WASHINGTON (AP) – A federal court of appeal on Tuesday authorized the takeover of Time Warner by AT & T, rejecting Trump's claims that the $ 81 billion deal would harm consumers and reduce competition in the television sector.
The decision of the US Court of Appeals in Washington was taken in the case of the major issues of competition, approving one of the biggest marriages with the media. It had already been completed last spring, shortly after it was approved by a federal judge. AT & T, a mobile phone operator and home-based TV and Internet provider, has absorbed Time Warner, owner of CNN, HBO, from Warner Bros.'s movie studio, Game of Thrones, sports and other programs.
Many observers had expected a decision favorable to AT & T from the court of appeal to three judges. The decision was unanimous in upholding the trial judge's decision in June. Opposition to the merger has forced the Department of Justice to oppose legal doctrine that favors mergers between firms that do not compete directly with each other, a so-called vertical merger.
The US antitrust prosecution against Dallas-based AT & T was the first time in decades that the government challenged this doctrine by suing to block a vertical merger.
Appellate court judges said US District Judge Richard Leon was right in rejecting the government's argument that AT & T's acquisition of Time Warner would hurt competition, limit choices and drive up prices. consumer price for watching television and movies.
"The government has failed to discharge its burden of proof" for its theory that the costs of Time Warner's Turner Broadcasting content would increase after the merger, mainly because of the "cut-programming" threats , wrote the judges. Turner networks include CNN.
Antitrust lawyers at the Department of Justice claimed that Leon misunderstood the complexity of the television industry and the nature of AT & T's competitors.
The idea behind the merger was to help AT & T, which claims about 25 million of the 90 million US pay-TV households, to compete better with its online competitors such as Netflix, YouTube and Hulu.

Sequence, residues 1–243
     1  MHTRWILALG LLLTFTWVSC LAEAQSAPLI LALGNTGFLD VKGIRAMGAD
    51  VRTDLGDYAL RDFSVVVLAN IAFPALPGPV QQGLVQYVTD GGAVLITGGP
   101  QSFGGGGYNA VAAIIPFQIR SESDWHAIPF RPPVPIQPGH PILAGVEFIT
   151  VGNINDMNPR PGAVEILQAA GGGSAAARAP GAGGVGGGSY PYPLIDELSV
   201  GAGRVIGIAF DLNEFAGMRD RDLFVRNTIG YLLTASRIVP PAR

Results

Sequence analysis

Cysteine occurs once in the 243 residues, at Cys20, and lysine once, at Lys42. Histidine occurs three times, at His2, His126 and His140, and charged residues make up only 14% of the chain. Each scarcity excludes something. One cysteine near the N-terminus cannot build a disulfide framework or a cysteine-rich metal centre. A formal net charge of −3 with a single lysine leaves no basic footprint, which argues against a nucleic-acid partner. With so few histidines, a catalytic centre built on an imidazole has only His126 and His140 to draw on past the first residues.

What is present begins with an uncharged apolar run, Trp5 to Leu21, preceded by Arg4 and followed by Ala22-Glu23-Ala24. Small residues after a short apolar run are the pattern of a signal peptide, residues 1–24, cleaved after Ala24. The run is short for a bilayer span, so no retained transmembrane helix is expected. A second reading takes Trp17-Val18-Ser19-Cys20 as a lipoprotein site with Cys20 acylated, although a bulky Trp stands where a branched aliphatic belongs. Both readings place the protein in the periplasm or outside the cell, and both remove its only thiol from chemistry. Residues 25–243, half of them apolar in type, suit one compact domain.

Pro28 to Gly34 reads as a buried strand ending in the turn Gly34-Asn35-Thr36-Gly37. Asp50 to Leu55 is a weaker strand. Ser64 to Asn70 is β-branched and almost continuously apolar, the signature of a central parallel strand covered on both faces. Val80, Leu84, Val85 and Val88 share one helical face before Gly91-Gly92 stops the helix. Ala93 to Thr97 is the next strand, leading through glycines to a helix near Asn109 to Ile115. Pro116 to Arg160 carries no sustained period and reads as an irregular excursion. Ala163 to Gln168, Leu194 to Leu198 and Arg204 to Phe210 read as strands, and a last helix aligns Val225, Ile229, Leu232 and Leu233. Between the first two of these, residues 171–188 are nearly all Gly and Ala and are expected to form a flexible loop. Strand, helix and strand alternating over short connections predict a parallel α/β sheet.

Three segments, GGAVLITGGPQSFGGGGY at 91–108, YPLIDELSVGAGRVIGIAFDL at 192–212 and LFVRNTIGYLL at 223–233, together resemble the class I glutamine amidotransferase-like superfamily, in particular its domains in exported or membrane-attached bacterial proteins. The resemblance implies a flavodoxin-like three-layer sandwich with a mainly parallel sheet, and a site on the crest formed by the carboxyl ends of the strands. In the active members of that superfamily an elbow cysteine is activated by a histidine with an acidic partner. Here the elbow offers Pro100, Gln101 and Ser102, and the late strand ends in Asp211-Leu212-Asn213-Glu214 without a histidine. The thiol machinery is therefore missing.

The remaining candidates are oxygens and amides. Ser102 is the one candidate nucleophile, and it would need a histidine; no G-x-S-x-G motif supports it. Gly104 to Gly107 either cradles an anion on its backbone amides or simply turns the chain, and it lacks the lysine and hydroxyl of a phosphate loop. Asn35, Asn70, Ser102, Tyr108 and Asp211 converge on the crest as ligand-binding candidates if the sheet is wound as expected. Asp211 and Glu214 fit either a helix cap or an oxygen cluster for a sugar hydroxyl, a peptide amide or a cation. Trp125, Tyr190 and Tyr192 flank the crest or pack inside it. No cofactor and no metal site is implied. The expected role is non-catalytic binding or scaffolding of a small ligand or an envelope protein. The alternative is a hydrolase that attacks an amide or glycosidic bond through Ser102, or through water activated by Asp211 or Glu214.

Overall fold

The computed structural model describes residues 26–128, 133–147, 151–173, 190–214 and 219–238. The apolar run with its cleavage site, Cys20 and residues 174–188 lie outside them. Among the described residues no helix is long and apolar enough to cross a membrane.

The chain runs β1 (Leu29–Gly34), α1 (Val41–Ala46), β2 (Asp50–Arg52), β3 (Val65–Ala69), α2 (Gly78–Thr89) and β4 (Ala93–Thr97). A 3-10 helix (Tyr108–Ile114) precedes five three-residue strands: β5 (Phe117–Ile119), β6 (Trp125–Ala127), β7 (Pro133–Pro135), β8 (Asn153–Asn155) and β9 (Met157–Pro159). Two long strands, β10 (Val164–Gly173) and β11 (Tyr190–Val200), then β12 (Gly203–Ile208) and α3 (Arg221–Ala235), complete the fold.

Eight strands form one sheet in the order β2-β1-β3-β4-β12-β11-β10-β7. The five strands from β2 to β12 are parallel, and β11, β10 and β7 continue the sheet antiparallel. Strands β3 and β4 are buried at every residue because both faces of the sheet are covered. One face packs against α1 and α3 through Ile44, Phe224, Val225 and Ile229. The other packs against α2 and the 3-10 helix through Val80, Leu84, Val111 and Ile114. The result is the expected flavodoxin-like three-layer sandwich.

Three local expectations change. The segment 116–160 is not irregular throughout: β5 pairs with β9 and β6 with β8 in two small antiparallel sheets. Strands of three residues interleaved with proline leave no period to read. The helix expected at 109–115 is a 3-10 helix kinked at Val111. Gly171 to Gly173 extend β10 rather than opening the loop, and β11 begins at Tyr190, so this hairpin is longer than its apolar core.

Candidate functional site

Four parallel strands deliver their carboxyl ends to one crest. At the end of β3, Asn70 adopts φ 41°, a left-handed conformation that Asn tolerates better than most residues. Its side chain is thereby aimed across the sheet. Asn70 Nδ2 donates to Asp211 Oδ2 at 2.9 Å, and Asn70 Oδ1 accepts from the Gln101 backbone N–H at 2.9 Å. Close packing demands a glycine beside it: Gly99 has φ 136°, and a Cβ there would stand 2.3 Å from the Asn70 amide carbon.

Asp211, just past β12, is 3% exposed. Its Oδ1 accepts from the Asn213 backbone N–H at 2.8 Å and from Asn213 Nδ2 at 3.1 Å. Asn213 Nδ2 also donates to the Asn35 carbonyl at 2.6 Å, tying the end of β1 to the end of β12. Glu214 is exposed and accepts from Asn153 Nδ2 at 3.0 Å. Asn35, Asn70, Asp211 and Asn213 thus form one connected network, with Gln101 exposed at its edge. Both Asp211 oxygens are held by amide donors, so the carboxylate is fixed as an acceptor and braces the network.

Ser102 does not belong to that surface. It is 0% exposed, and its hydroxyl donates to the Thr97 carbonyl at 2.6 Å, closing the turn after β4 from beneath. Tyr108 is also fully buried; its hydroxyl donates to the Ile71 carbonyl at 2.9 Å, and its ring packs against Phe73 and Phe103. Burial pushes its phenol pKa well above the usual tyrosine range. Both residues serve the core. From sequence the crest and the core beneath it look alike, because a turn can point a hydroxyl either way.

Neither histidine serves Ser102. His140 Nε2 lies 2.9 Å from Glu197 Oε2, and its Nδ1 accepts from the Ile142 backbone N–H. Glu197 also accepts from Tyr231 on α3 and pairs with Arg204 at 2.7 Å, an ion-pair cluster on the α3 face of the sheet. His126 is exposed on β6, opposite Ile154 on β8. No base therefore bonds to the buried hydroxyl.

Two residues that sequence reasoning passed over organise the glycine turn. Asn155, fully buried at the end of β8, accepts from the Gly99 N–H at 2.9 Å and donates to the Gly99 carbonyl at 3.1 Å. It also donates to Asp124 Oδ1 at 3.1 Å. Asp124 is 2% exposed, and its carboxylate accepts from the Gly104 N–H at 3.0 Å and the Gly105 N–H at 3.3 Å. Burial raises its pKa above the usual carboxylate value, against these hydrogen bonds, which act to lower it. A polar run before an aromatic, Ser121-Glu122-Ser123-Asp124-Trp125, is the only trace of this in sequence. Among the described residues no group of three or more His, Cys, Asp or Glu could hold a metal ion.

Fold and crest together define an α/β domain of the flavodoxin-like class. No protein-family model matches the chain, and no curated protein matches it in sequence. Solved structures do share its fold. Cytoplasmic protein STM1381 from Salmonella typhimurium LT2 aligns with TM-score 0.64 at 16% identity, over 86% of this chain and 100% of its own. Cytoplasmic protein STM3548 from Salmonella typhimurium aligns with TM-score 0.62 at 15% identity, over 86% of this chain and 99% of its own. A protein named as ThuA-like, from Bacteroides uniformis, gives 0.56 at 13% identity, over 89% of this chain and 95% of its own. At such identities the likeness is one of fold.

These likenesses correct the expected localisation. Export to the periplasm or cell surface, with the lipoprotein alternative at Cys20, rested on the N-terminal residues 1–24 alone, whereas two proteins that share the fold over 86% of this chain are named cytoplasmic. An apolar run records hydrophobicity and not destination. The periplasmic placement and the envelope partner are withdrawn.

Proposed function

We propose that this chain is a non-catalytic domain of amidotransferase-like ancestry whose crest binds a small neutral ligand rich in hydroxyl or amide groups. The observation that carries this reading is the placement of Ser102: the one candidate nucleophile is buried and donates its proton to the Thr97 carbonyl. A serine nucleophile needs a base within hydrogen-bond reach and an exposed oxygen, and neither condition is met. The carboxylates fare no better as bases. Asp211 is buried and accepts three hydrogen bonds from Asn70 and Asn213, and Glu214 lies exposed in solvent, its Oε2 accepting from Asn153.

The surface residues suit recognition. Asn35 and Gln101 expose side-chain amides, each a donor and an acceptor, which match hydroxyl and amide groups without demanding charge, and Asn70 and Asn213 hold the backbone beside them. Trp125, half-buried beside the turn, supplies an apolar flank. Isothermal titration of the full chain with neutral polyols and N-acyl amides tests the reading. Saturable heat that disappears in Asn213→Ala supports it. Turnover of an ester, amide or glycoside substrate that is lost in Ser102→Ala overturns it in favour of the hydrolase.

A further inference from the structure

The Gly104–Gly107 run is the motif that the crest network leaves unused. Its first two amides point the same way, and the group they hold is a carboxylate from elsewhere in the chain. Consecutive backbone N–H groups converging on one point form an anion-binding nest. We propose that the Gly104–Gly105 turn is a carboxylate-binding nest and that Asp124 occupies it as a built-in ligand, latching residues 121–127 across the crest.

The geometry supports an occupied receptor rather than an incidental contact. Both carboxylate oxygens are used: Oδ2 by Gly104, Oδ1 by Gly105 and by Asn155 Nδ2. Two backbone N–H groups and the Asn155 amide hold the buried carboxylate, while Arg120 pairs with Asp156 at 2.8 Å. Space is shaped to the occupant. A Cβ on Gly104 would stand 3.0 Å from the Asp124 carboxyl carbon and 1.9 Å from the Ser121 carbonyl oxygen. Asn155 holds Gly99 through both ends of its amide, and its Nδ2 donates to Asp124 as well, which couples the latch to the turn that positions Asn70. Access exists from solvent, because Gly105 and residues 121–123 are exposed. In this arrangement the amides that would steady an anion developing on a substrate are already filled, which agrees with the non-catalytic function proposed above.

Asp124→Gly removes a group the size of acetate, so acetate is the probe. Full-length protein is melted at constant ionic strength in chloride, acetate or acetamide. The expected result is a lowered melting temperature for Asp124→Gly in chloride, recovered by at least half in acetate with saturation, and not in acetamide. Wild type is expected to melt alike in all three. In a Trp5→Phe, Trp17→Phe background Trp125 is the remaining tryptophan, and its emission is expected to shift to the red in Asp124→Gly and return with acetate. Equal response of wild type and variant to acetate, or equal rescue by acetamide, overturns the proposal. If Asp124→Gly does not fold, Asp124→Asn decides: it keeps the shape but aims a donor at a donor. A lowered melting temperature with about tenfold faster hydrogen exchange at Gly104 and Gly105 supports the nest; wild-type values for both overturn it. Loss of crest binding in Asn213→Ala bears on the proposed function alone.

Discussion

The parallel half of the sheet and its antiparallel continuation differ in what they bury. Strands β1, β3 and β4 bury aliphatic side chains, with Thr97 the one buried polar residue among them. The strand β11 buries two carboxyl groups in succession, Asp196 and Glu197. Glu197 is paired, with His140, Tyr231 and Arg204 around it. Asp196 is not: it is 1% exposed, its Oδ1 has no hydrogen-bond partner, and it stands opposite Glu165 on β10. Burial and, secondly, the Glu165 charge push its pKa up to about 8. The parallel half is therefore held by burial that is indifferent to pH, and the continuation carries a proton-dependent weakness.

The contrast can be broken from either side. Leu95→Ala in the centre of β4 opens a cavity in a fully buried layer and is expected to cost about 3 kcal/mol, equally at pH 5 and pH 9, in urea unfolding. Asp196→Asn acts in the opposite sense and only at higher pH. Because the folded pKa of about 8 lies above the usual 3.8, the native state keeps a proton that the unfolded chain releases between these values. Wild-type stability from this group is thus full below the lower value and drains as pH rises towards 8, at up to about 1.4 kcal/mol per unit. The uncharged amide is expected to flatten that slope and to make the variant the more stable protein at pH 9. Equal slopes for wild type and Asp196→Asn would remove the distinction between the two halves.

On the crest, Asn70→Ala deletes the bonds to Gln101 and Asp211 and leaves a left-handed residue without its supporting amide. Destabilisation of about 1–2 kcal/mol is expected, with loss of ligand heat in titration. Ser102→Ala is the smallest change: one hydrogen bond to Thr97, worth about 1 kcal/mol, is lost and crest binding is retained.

"The merger of these innovative companies has already brought significant benefits to consumers, and will continue for years to come," said David McAtee, General Counsel for AT & T, in a statement. "While we respect the important role that the United States Department of Justice plays in the merger review process, we hope that the decision (today) will put an end to this. dispute. "
If the government decided to appeal the decision, the next step would be the Supreme Court, and it was unclear whether the Department of Justice was considering doing so.
AT & T already had a streaming service, DirecTV Now, but it launched a cheaper offer, called WatchTV, shortly after finalizing the deal. Another streaming service, "WarnerMedia," is scheduled for later this year.
The decision caused a major setback at the Trump Department of Justice. The case could also affect future antitrust regulations. Diana Moss, President of the American Antitrust Institute, points out that the government should look more closely at vertical mergers, especially when merged companies are already in less competitive sectors.
In recent years, the cable, entertainment and telecommunications industries have rushed in, and Leon's decision has paved the way for further efforts.
Just one day after its decision, Comcast returned to a bidding war with Disney for most 21st Century Fox television and movie companies. Disney finally won and Comcast instead bought the British chain Sky.
In other activities, mobile operators Sprint and T-Mobile are also trying to partner. The Department of Justice and the Federal Communications Commission are still reviewing this agreement, which is not a vertical merger. Sprint and T-Mobile are direct competitors.
When the AT & T-Time Warner Agreement was released for the first time in October 2016, it had attracted the attention of Donald Trump, the then-candidate, who had promised to kill "because there is too much concentration of power in the hands of too few people". with CNN of Time Warner, the caller "failing" and a provider of "false news". The president's statements did not appear during the trial in a district court, although his dislike appeared in the background.
Arbel reported from New York.